When it comes to emotions, things can be tricky. Everyone responds to things in their own ways and what something means for me might not be the same for you.
If you are the kind of person to get offended easily or not deal well with being corrected, you might be a victim of this emotion big time. Usually, being called out or corrected is a learning experience, but sometimes it makes you feel quite humiliated. Humiliation is an emotion that really messes with a person on several levels. Embarrassment and humiliation are one in the same and no one likes either.
Feeling humiliated is a very negative thing and will really damage a person. Humiliation according to several studies is an intense emotional experience. When researchers Marte Otten and Kai Jonas looked into the brains of people who were partaking in a study of theirs, they found that the response a person’s brain has to humiliation is much more negative and intense than that of anger or that of happiness.
Humiliation, the emotion associated with being lowered in status in the eyes of others, seems to be very intense. As such, humiliation has been implied to play an important role in the escalation of inter-individual and inter-group conflict. Here, we provide the first clear empirical evidence that humiliation is indeed a very intense experience. Based on the electro-encephalogram recorded from people reading scenarios that evoked humiliation, anger, or happiness, electrophysiological measures of cognitive intensity were derived for each of the emotion types. The late positive potential (LPP), a measure of the level of perceived (negative), affect was markedly increased in humiliation scenarios compared to happiness and anger scenarios. In addition, event-related desynchronization (ERD) in the alpha-frequency range, a measure of the overall intensity of cortical activation, was significantly more pronounced for humiliation than for happiness and anger scenarios. Our findings support the idea that humiliation is a particularly intense experience that is likely to have far-reaching consequences.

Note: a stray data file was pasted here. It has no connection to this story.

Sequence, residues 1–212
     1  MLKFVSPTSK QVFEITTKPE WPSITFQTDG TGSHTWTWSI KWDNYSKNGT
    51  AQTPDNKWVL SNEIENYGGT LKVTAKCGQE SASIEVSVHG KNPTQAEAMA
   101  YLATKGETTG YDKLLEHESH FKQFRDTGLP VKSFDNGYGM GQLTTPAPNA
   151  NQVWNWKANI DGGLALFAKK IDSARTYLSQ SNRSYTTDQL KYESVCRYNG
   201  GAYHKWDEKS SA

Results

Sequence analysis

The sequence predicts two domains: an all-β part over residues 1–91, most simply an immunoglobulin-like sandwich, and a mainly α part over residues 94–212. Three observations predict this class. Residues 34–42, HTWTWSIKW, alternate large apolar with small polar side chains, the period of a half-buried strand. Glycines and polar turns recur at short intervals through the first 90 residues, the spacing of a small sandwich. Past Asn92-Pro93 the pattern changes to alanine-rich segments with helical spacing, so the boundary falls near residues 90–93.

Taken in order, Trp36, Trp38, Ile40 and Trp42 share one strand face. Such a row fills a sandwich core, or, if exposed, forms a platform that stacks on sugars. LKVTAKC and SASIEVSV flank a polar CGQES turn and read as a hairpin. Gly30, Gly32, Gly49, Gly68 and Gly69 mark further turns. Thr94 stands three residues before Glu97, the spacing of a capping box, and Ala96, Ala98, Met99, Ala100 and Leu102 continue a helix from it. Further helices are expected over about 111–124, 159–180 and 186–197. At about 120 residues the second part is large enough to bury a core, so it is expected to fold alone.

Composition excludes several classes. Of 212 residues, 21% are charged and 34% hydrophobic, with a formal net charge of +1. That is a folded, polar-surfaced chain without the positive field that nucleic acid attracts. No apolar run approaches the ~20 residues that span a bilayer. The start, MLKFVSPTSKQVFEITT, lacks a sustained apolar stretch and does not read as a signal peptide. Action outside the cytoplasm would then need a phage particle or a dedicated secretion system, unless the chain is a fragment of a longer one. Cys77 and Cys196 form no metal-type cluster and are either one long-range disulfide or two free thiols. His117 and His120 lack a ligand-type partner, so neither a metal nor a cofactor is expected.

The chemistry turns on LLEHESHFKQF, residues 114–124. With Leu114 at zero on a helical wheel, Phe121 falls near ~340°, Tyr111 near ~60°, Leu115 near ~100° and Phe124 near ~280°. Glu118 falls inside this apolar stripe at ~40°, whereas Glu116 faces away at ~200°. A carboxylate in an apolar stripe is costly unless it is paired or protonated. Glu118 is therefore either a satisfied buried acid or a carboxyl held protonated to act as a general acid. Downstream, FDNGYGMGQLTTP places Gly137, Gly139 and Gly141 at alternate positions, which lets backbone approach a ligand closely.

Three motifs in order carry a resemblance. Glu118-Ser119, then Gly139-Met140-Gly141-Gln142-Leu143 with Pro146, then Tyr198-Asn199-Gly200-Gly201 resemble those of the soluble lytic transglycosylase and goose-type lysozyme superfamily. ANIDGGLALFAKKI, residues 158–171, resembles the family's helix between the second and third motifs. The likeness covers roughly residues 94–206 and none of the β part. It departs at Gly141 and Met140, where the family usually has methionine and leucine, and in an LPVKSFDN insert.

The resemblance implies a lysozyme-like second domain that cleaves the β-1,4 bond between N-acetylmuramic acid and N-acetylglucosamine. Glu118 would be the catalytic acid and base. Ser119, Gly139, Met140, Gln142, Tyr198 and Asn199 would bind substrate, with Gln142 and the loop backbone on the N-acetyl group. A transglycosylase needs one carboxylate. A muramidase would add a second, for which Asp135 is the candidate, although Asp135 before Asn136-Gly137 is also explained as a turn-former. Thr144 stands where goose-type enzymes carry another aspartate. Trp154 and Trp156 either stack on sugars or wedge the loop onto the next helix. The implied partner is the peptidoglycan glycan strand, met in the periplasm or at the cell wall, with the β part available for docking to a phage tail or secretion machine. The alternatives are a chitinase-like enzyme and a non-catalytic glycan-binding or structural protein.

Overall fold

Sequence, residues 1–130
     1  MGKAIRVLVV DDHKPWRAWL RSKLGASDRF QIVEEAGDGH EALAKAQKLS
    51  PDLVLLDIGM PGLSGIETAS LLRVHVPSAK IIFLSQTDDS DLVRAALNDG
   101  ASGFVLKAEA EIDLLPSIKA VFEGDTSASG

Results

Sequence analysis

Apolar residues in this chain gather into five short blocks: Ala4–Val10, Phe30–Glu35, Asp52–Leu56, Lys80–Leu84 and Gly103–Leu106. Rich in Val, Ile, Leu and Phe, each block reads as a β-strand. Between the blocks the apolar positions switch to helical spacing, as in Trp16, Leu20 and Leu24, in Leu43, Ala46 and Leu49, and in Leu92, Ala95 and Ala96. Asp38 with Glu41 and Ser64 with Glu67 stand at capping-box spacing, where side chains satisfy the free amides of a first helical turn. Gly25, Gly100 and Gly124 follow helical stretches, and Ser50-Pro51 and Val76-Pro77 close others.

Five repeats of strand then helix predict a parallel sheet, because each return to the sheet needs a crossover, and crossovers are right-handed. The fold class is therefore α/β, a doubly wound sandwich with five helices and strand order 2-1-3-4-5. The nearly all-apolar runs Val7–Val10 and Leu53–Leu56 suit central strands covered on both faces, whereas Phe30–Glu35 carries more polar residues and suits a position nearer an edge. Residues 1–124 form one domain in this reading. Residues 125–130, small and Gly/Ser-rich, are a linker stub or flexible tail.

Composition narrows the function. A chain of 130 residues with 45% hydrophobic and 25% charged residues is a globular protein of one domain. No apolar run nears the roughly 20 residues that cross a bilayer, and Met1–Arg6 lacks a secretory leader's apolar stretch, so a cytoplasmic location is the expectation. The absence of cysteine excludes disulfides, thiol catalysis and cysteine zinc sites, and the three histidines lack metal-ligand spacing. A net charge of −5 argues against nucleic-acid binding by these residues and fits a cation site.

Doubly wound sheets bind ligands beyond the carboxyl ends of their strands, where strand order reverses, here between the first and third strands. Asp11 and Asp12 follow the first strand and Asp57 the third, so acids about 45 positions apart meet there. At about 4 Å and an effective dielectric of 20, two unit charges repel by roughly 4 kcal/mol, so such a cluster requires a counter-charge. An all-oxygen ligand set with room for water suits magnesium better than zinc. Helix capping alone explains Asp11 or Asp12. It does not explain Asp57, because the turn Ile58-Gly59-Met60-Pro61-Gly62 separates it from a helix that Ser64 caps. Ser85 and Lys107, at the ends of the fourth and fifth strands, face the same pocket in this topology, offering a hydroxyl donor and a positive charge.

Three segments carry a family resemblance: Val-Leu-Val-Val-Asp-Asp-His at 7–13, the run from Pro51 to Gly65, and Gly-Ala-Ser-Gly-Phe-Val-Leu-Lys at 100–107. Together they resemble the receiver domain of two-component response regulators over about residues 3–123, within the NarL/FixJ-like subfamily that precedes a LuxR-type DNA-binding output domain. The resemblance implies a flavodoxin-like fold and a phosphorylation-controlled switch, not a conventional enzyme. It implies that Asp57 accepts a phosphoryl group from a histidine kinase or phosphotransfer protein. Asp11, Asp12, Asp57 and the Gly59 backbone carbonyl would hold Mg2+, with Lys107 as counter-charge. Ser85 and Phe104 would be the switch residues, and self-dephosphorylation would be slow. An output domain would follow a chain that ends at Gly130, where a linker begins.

While you might not think much about humiliation others might. As I mentioned above we all react differently to specific things. Just because you are not easily humiliated doesn’t mean someone else is the same way. Being mindful of the way we go about speaking to others is important.